Maltodextrin Glycemic Index

Maltodextrin is a refined carbohydrate with a high glycemic index between 85-105 (8). This means it is digested and absorbed very quickly and can lead to spikes in blood sugar.

However, maltodextrin’s glycemic response depends on the chain length of the glucose polymers it contains:

  • Maltodextrin with shorter chains (3-9 glucose units) has a higher GI of 105.
  • Maltodextrin with longer chains (10-20 glucose units) has a lower GI of 85.

Furthermore, maltodextrin typically makes up only a small portion of a food product. The glycemic index of the total meal or snack is often much lower.

Those with diabetes or on a low glycemic diet may want to limit foods with added maltodextrin. But it can be incorporated into the diet in moderation, especially the lower GI varieties.

Maltodextrin vs Dextrose

Dextrose is pure glucose while maltodextrin consists of short glucose chains. Dextrose has a very high glycemic index of 100.

Maltodextrin tends to have slightly better texture, viscosity and solubility properties compared to dextrose. It also has a cleaner, less sweet taste.

Here’s how they compare:

Property Maltodextrin Dextrose
Sweetness 20% as sweet as sugar 70-80% as sweet as sugar
Calories 4 calories per gram 4 calories per gram
Glycemic index 85-105 100
Texture Smooth, powdery Gritty, crystalline
Solubility More soluble Less soluble
Viscosity Higher viscosity Lower viscosity

Maltodextrin and dextrose are used for similar purposes like adding sweetness, texture and bulk. Maltodextrin offers some advantages but dextrose is slightly cheaper to produce.

Is Maltodextrin Bad for You?

Maltodextrin is generally recognized as safe by food regulatory agencies. But there are some potential downsides of consuming maltodextrin:

  • May contain gluten – unsafe for those with celiac disease or gluten sensitivity if derived from wheat/barley.
  • High glycemic index – can spike blood sugar.
  • Highly processed – derived from starchy refined grains and heavy processing.
  • Often genetically modified – corn maltodextrin comes from GMO corn in the U.S.
  • Promotes overeating – adds bulk and mouthfeel that facilitate overconsumption (9).
  • Linked to altered gut bacteria – may influence gut microbiome negatively (10).
  • May be contaminated – potential for trace gluten, endotoxins or solvents.

For those without gluten concerns, maltodextrin is likely safe in the small amounts found in processed foods. But it’s best to limit intake from heavily processed foods and choose whole foods instead.

Those with diabetes, celiac disease and food sensitivities may want to avoid maltodextrin containing foods altogether.

Maltodextrin in Supplements

Maltodextrin is commonly used as an additive in dietary supplements like protein powders, pre-workouts and meal replacements. Advantages include:

  • Improves texture and flavor.
  • Helps powder dissolve and reduces clumping.
  • Adds bulk and manages moisture.
  • Increases shelf life.
  • Aids manufacturing processes.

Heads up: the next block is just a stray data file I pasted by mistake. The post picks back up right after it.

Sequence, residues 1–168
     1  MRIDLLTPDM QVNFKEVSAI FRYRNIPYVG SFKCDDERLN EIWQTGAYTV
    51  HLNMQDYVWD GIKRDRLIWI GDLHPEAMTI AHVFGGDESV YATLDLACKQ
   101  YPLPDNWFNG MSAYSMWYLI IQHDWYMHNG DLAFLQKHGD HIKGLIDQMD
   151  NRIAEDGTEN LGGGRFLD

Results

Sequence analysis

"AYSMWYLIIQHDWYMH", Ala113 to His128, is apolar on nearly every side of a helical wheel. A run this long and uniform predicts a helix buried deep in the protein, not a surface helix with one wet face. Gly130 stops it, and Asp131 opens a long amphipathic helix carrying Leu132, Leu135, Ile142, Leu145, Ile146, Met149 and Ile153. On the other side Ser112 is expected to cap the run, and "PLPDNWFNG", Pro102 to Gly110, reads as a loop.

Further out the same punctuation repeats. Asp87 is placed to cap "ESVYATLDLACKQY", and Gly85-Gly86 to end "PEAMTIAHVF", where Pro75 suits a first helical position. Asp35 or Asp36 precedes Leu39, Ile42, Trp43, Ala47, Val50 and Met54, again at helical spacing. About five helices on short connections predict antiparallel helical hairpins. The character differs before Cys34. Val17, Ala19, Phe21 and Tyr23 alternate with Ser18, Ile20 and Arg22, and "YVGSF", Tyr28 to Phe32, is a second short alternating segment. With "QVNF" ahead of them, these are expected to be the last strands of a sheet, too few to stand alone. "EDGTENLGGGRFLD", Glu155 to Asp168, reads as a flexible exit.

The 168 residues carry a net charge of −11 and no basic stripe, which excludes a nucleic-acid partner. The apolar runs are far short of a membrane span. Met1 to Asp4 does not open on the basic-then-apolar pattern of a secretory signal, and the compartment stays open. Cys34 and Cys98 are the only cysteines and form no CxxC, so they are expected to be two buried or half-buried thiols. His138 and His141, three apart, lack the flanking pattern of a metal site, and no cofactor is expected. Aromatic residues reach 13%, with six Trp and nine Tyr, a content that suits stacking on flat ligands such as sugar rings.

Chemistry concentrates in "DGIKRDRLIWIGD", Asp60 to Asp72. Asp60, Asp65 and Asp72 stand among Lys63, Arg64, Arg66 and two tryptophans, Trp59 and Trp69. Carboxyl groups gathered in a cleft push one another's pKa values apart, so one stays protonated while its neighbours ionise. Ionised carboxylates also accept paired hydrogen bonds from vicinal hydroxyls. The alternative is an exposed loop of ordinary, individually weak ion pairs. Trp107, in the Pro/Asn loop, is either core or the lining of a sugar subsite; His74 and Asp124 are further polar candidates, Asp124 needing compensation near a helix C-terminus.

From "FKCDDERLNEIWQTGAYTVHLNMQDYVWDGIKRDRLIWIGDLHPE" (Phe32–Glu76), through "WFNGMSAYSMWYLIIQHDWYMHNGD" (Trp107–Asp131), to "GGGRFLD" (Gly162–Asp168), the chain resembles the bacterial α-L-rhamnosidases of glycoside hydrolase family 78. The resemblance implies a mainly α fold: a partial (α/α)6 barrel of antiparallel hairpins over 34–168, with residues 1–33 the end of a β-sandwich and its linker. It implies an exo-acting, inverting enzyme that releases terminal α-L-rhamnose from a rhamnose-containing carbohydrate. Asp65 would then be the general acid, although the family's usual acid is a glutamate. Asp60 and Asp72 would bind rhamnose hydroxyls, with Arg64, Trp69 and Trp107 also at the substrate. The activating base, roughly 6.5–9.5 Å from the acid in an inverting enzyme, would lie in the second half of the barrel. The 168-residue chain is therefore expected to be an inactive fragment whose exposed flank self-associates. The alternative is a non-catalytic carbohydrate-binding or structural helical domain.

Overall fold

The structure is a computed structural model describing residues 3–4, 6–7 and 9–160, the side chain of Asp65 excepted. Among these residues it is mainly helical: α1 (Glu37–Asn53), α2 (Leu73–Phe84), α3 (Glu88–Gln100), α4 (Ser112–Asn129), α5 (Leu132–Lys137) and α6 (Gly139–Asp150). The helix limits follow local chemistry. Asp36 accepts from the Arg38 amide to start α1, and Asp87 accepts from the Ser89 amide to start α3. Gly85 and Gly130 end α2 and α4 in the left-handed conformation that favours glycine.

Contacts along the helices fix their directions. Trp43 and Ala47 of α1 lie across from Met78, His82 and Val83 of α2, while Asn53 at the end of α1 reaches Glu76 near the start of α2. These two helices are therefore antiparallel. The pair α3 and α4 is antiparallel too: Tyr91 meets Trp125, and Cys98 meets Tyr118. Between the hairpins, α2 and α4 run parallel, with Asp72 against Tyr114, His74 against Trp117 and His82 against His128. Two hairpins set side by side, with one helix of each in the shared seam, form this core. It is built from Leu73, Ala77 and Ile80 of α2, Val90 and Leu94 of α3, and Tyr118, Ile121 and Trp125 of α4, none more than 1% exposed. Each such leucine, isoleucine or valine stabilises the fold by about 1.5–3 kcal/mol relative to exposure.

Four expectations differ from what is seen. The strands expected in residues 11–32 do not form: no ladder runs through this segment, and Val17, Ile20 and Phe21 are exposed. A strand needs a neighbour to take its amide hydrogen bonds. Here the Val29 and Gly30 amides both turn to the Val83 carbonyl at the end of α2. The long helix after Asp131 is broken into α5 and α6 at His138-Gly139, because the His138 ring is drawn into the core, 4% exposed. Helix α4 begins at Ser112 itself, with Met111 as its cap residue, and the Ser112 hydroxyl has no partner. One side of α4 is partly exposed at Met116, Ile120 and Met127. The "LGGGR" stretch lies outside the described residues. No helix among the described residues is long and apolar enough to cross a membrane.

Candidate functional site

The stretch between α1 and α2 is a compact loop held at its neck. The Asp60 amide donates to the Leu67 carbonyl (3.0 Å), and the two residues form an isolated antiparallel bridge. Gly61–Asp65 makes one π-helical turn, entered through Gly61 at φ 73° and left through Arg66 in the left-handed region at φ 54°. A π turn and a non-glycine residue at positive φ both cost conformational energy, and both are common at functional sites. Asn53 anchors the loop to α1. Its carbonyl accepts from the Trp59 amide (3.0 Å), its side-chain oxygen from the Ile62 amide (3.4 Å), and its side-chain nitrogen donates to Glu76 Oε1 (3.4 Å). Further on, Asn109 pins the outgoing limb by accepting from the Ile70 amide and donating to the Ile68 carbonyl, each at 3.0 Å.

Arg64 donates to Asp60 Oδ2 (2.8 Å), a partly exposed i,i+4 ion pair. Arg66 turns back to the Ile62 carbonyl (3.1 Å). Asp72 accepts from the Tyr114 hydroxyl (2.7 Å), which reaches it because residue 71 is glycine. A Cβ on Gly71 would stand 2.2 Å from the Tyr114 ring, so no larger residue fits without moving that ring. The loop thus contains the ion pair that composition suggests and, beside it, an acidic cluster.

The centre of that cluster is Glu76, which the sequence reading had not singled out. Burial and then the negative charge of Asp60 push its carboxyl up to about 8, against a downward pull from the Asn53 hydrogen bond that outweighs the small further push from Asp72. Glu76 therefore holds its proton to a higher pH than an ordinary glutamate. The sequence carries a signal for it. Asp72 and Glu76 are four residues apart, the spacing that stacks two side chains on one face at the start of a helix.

However, there are drawbacks to maltodextrin as a supplement additive:

  • Adds extra calories and carbohydrates.
  • May spike blood sugar – poor for low carb diets.
  • Can cause gas, bloating or stomach upset.
  • Not suitable for those with gluten intolerance if source is unknown.

The amount of maltodextrin varies substantially between brands – from 2 grams to over 25 grams per serving.

When evaluating supplements, check for maltodextrin near the end of the ingredients list. Contact the company if its source is unclear.

Opt for supplements transparently labeled gluten-free or with alternative binders like stevia, cellulose fiber or guar gum.

Maltodextrin-Free Diet

A maltodextrin-free diet avoids foods with added maltodextrin, especially from unknown sources. This is necessary for those with celiac disease or gluten sensitivity.

Tips for avoiding maltodextrin:

  • Read ingredient labels carefully.
  • Check with manufacturers about sources.
  • Look for gluten-free and non-GMO labels.
  • Avoid processed snack foods, sauces, salad dressings, canned goods.
  • Be wary of low-fat, diet or light foods.
  • Watch out for thickeners or anti-caking agents.
  • Make own sauces, dressings, baked goods from scratch.
  • Choose whole fruits and vegetables, fresh meats, legumes, nuts.
  • Select certified gluten-free supplements if needed.

With diligent label reading and whole food choices, it’s possible to avoid maltodextrin from unknown sources. Corn maltodextrin confirmed gluten-free may be tolerated.


Maltodextrin derived from wheat or barley contains gluten and is not suitable for people with celiac disease or gluten sensitivity. Maltodextrin from corn, potato or rice does not contain gluten but there is a small risk it could get contaminated.

To be safe, those with celiac disease should verify the plant source of maltodextrin in foods or supplements and avoid it if unsure. Corn maltodextrin that is clearly labeled gluten-free is generally considered acceptable.

For improved health, it’s best to minimize consumption of highly processed foods with additives like maltodextrin. Be sure to read ingredient labels closely and get confirmation from manufacturers when needed. With care, people with celiac disease and gluten concerns can successfully navigate maltodextrin in the food supply.